For the past week I’ve found myself doing something I promised I would never do again, something I hadn’t done since college – engaging in debate over my right to exist.
Unfortunately, as Jews we’ve become used to this. We’re good at it and perhaps even enjoy it. It’s like some sort of ‘Jewish karate’ – in every situation, against every opponent, we’ve become skilled at employing the most eloquent, fact-based, moral, historical and legal arguments as to why we have the right to live as a free people in our own land. An entire culture has grown from it, and we even have a name for it – Hasbara. What other nation has perfected the skill of justifying their existence to others?
This is a habit I thought I broke long ago when I became tired of explaining myself and decided to speak with my feet by making aliyah. Hasbara can become an addiction and it is particularly widespread among Jewish college students in the United States. There are the endless rallies, the outreach, the debates, fliers, slogans…and now tweets and Facebook posts. Like a college degree, hasbara should be a means not an end.
This addiction to ‘intellectual sparring’ seems to be in our genes. It is not found only on college campuses. A different manifestation of it is found right here in Israel, in the yeshiva world. Of course, the comparison doesn’t fit exactly, as Torah lishma, Torah study for its own sake, is both a means as well as an end.
In this week’s parsha, we learn about Yaakov’s dream of the ladder. Upon awakening from his dream, Yaakov exclaims “G-D is in this place and I didn’t even know it!” The more literal interpretations tell us that the place Yaakov slept that night was the future site of the Beit Hamikdash and there is plenty of evidence to back this up. Still, we are left with questions. The most basic principle of monotheism is that of G-D’s absolute unity. That is, His presence is to be found in every place and furthermore, there is no existence ‘outside of’ and other than G-D. Certainly, Yaakov had this most basic understanding. So why was he surprised that G-D was “in this place” and how could a spiritual giant like himself not “know it”?
ַיַּחֲלֹם וְהִנֵּה סֻלָּם מֻצָּב אַרְצָה וְרֹאשׁוֹ מַגִּיעַ הַשָּׁמָיְמָה. וַיִּיקַץ יַעֲקֹב מִשְּׁנָתוֹ וַיֹּאמֶר אָכֵן יֵשׁ יְהֹוָה בַּמָּקוֹם הַזֶּה וְאָנֹכִי לֹא יָדָעְתִּי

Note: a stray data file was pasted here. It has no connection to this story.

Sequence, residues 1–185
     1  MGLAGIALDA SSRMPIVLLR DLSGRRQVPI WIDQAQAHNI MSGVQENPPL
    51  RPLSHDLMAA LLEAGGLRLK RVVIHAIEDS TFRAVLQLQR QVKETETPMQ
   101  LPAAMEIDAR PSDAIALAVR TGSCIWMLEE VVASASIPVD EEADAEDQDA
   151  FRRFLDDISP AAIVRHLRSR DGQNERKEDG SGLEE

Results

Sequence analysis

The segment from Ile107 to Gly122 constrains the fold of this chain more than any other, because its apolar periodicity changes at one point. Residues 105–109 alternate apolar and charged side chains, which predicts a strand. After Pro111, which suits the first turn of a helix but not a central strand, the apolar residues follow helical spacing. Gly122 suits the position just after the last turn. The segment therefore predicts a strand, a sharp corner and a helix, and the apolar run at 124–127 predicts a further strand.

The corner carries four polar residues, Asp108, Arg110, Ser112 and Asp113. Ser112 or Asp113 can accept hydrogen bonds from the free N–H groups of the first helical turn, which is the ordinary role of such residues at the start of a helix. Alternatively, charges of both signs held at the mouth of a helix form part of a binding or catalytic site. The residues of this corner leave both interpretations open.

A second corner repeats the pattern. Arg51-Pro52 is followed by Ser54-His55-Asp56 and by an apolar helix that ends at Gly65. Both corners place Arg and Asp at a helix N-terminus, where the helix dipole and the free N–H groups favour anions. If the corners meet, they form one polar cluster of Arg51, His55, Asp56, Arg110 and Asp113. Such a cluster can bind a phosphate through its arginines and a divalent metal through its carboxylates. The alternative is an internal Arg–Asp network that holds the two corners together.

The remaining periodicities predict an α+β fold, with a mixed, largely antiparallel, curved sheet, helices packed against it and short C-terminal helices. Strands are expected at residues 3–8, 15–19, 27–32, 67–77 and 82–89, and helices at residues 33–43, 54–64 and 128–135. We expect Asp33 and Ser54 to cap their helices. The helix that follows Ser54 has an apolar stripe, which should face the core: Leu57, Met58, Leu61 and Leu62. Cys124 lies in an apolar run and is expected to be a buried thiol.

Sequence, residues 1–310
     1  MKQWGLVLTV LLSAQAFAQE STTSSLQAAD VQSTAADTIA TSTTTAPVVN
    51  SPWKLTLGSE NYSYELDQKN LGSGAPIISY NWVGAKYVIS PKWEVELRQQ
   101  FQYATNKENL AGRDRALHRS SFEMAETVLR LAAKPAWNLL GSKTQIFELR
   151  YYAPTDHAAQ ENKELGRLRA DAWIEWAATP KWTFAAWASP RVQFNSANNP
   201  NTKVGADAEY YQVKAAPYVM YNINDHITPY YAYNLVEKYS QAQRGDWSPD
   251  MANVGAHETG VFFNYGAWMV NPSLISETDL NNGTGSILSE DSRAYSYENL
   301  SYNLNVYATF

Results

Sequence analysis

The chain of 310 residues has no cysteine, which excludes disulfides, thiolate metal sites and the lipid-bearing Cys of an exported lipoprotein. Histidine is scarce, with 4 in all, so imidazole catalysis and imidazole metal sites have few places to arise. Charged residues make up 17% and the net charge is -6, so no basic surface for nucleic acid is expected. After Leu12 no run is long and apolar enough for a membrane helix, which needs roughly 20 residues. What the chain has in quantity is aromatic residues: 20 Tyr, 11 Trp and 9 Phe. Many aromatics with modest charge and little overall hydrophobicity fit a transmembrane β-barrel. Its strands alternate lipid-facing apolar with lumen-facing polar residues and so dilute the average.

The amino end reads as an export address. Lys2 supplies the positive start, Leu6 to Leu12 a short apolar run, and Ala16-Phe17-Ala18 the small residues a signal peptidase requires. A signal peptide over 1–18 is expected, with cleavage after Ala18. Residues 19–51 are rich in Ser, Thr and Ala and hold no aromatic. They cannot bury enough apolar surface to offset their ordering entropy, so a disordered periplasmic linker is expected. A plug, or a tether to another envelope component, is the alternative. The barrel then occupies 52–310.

And he dreamed, and behold! a ladder set up on the ground and its top reached to heaven. And Jacob awakened from his sleep, and he said, “Indeed, the Lord is in this place, and I did not know it.” (Vayeitzei 28:12,16)
Yaakov had spent 14 years studying in the yeshiva of Shem and Eiver. Fourteen years in the beit midrash, completely insulated from the negative influence and challenges of the outside world. The time came for Yaakov, as it does for everyone, to go out into the world, get married, start a family and find employment.
It was at this stage of life that Yaakov had his dream – as he was on his way to Haran. (Among other things, the metaphor of the ladder tells us how to live in this world while remaining within the framework of kedusha.) Yaakov woke up with a new perspective on life. He was astounded by the realization that holiness, godliness, exists not only within the four walls of the beit midrash, but here “in this place,” in the daily routine of life embedded in materialism.
Trying to escape the ‘outside world’ can lead to all kinds of addictions. Granted, hiding in the world of theory is certainly one of the least destructive but it is far from ideal. If you’ve been in yeshiva for over 14 years, it’s probably time to get a job. If you’re an American Jew who has been trying to convince people of our right to live in peace in our own land for more than five years, it’s probably time for aliyah!
Next: Beit Lavan (lit. “White House”), servitude, trickery and the prototype for antisemitism throughout history.